In bringing the proposal to Assembly, Cunny Atchison indicated Northern Presbytery’s view that it is inappropriate for the CPT to be applying requirements which go beyond the requirements of recently enacted law. (Government legislation sets the minimum standard of compliance at 34 percent of the new building standard, and CPT policy sets a higher standard, requiring church buildings to be maintained to 67 percent.)
Northern Presbytery was seeking a more collaborative approach between the CPT and parishes, in working through issues related to earthquake-prone buildings.
Before voting took place, deputy chair of the CPT, Margaret Galt, had the opportunity to address Assembly to outline the rationale for leaving the standard at 67 percent following General Assembly 2014’s request to review the policy.
Margaret advised that the existing policy has flexibility to require a lower level of compliance, and that parishes are already applying and receiving exemptions to upgrade their buildings to less than the 67 percent threshold.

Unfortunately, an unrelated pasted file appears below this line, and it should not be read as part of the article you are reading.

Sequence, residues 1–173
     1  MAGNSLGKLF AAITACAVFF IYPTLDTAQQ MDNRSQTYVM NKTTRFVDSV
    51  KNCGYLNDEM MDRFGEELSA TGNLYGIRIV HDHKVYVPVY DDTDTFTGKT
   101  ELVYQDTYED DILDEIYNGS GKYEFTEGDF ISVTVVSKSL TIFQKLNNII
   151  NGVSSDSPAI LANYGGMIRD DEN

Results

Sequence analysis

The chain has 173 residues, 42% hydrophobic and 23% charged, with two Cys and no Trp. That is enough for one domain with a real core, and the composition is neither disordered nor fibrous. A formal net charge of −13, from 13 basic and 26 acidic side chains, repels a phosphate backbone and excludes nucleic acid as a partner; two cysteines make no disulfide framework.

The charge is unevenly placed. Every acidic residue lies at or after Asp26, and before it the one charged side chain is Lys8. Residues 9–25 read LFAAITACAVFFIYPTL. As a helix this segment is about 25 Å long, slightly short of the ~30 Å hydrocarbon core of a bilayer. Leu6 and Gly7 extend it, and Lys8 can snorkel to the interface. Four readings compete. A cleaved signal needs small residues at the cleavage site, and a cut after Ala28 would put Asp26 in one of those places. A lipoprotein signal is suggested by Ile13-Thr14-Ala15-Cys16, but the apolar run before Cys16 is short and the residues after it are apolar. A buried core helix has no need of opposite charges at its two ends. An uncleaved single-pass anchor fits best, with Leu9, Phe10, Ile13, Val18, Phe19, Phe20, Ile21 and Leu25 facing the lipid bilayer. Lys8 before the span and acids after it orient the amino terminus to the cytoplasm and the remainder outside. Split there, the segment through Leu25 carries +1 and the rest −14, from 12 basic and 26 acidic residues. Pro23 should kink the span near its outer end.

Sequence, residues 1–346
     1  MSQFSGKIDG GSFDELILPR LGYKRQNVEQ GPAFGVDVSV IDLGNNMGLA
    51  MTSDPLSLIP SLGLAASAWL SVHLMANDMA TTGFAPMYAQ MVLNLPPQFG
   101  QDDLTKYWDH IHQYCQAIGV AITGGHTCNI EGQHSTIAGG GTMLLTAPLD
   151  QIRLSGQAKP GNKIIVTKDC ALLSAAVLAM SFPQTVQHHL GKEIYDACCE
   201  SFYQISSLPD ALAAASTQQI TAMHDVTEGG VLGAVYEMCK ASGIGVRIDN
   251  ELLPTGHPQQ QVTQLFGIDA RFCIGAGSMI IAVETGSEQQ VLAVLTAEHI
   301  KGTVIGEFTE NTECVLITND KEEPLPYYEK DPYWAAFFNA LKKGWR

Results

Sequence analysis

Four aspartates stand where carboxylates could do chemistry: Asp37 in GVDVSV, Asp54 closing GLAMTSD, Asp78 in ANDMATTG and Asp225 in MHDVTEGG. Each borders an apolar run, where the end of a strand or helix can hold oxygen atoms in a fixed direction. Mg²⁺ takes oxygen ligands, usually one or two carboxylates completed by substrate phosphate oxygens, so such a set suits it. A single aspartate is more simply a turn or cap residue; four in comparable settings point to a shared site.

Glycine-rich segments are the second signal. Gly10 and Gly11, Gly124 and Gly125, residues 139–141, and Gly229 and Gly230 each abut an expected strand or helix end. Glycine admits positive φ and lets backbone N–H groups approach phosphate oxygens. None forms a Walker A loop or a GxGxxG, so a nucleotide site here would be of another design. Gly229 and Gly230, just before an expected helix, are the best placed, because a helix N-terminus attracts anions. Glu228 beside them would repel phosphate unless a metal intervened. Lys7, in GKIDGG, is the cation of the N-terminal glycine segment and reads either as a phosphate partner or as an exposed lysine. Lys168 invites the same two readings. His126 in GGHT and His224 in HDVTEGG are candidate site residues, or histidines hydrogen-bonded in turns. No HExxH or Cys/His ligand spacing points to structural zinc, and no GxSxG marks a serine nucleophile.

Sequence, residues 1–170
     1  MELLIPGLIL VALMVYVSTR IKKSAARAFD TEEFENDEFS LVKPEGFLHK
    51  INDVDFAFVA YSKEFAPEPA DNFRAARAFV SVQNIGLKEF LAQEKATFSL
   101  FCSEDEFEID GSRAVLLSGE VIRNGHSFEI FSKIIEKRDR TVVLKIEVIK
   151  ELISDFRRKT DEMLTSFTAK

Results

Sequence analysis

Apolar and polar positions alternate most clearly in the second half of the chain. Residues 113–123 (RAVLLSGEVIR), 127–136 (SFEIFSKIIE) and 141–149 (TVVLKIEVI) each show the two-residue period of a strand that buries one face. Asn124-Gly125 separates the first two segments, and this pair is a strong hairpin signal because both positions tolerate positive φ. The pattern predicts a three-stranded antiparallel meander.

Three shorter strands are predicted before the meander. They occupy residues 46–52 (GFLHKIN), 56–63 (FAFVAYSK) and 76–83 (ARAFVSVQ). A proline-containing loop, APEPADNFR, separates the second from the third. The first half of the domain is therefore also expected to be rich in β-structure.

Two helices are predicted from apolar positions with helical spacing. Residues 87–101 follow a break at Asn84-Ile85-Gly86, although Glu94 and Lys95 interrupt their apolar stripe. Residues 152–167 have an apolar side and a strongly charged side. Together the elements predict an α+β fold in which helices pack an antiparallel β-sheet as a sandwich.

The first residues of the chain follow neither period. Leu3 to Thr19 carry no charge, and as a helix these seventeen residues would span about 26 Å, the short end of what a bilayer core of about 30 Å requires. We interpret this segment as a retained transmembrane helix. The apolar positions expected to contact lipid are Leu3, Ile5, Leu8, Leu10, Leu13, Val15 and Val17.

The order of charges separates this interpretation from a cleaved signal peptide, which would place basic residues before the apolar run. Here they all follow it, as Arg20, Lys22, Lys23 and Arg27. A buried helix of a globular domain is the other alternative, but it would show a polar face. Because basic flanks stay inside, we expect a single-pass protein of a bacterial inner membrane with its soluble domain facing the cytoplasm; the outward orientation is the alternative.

She also advised that CPT consider “property to be a servant of mission” and that they opted for a policy with a minimum compliance standard of 67 percent (after also considering 34 percent and 100 percent compliance levels) after careful consideration of professional advice and consulting other denominations on their policies.
Margaret noted that is likely that the timeframe component of the existing earthquake-prone policy would be reviewed, and this will be welcomed by the many commissioners who spoke of the challenges posed by the “unrealistic timeframes” expressed in the policy.
She also drew Assembly’s attention to the fact that building standards vary from region to region in recognition of the different levels of earthquake risk across New Zealand.
Rev Martin Stewart spoke of experience in the wake of the Christchurch earthquakes and said, “I commend the Church Property Trustees for holding us to a higher standard of safety than the Government had the courage to do,” in reference to the lower standard of compliance in legislation.